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Alexander of Hales: Wikis


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Alexander Hales (also Halensis, Alensis, Halesius, Alesius; called Doctor Irrefragabilis and Theologorum Monarcha) was a scholastic theologian. He was born at Hales, Gloucestershire, England ca. 1183, and died in Paris on August 21, 1245. He was educated in the monastery at Hales, studied and lectured at Paris, and by 1210 was a master of the sacred page in the faculty of theology. He entered the Franciscan order sometime around 1236 thus creating the first formal connection between the Order and the University of Paris.


His work


A medieval scholastic

While it is common for scholars to state that Alexander was the first to write a commentary on the Sentences of Peter Lombard, it is not quite accurate. There were a number of "commentaries" on the Sentences, but Alexander appears to have been the first magisterial commentary. In doing so, he elevated Lombard's work from a major theological resource to an authoritative text from which masters could teach. The commentary (or more correctly titled a Gloss) survived in student reports from Alexander's teaching in the classroom and so it provides a major insight into the way theologians taught their discipline in the 1220s.

For his contemporaries, however, Alexander's fame was his inexhaustible interest in disputation. His disputations prior to his becoming a Franciscan cover over 1,600 pages in their modern edition. His disputed questions after 1236 remain unpublished. Alexander was also one of the first scholastics to participate in the Quodlibetal, a university event in which a master had to respond to any question posed by any student or master over a period of three days. Alexander's Quodlibet also remains unedited. It is because of this questioning that he became known as the 'Doctor irrefragabilis'.


When he became a Franciscan and thus created a formal Franciscan school of theology at Paris, it was soon clear that his students lacked some of the basic tools for the discipline. Alexander responded by beginning a Summa theologiae that is now known as the Summa fratris Alexandri. Alexander drew mainly from his own disputations, but also selected ideas, arguments and sources from his contemporaries. It treats in its first part the doctrines of God and his attributes; in its second, those of creation and sin; in its third, those of redemption and atonement; and, in its fourth and last, those of the sacraments. This massive text (Roger Bacon sarcastically referred to it weighing as much as a horse!) was unfinished at his death and his students, William of Middleton and John of Rupella, were charged with its completion. It was certainly read by the Franciscans at Paris, including Bonaventure. Bonaventure once referred to Alexander as "our father and master" (noster pater et magister), but it is unlikely that the Seraphic Doctor ever studied under Alexander.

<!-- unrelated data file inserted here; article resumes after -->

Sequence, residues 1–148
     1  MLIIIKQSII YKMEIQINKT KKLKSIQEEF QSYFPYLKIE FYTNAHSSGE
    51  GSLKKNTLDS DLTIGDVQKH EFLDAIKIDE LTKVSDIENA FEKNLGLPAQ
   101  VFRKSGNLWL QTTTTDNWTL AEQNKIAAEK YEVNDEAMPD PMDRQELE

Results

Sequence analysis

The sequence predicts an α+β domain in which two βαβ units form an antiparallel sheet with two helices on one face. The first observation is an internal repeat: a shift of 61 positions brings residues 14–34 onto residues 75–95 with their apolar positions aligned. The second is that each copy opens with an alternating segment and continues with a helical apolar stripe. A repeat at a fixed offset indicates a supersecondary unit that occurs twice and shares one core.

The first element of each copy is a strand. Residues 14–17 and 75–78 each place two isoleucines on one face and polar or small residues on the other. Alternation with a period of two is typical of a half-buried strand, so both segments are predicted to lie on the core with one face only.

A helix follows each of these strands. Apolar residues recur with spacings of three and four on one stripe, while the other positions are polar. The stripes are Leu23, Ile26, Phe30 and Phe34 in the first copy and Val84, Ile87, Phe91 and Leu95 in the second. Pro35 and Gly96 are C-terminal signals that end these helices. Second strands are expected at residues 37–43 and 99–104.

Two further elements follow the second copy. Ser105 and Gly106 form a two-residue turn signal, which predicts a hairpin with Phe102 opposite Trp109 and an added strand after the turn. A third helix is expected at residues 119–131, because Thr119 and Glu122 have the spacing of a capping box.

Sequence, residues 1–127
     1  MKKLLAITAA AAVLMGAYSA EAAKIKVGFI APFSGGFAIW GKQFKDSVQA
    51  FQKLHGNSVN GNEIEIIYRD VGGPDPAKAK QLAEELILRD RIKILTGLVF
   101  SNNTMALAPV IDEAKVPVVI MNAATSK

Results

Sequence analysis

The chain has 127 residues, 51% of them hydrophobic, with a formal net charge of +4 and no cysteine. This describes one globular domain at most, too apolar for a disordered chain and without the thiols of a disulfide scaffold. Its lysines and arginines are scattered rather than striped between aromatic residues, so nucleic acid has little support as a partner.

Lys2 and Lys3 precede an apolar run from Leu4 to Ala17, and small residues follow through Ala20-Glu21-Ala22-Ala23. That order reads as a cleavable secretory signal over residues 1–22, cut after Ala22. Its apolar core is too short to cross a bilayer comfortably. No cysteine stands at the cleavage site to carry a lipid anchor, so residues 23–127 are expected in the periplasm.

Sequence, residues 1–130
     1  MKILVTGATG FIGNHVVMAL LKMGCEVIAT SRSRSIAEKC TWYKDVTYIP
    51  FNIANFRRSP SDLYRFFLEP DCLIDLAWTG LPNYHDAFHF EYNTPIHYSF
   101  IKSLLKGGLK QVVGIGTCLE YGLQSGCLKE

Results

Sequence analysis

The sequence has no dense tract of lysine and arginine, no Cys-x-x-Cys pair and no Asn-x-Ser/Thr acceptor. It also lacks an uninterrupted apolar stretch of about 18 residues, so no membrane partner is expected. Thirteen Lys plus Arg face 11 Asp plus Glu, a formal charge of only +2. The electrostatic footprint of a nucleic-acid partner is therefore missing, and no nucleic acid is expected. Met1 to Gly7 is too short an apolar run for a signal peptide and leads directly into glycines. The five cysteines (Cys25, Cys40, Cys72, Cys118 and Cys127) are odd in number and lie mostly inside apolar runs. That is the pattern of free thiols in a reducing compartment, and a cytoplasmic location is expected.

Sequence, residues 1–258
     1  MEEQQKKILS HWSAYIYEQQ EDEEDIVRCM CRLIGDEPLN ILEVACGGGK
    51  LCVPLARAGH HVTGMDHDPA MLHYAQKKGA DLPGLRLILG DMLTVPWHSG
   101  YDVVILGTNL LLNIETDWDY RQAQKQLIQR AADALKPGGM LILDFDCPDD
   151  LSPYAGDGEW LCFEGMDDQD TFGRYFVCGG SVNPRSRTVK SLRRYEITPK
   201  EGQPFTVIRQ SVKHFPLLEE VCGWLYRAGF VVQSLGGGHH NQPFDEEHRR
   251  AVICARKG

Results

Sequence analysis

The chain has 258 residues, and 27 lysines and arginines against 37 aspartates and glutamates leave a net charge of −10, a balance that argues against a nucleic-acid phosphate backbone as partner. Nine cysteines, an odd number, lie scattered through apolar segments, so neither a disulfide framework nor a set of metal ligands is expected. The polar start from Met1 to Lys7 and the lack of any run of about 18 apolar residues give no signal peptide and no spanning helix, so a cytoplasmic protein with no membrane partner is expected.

Alexander was an innovative theologian. He was part of the generation that first grappled with the writings of Aristotle. While there was a ban on using Aristotle's works as teaching texts, theologians like Alexander continued to exploit his ideas in their theology. Two other uncommon sources were promoted by Alexander: Anselm of Canterbury, whose writings had been ignored for almost a century gained an important advocate in Alexander and he used Anselm's works extensively in his teaching on Christology and soteriology; and, Pseudo-Dionysius the Areopagite, whom Alexander used in his examination of the theology of Orders and ecclesiastical structures.

His doctrines

Among the doctrines which were specially developed and, so to speak, fixed by Alexander of Hales, are those of the thesaurus supererogationis perfectorum, and of the character indelibilis of baptism, confirmation, and ordination. That doctrine had been written about much earlier by Augustine of Hippo and was eventually defined a dogma by the Council of Trent. He also posed an important question about the cause of the Incarnation: would Christ have been incarnated if humanity had never sinned? The question eventually became the focal point for a philosophical issue (the theory of possible worlds) and a theological topic (the distinction between God's absolute power (potentia absoluta) and His ordained power (potentia ordinata).

John Gerson tells us “The doctrine of Alexander is of a wealth surpassing all expression. It is said that someone asked St. Thomas what was the best manner of studying theology; he replied that it was by attaching oneself to a Master. And to which Doctor? he was asked again. To Alexander of Hales, the Angelic Doctor replied."[1]

Compare Hailes Abbey, Gloucestershire, founded in 1245/6.


  1. ^ Gerson, Opera omnia. Epistola Lugdunum missa cuidam fratri Minori, vol. 1, p. 554.

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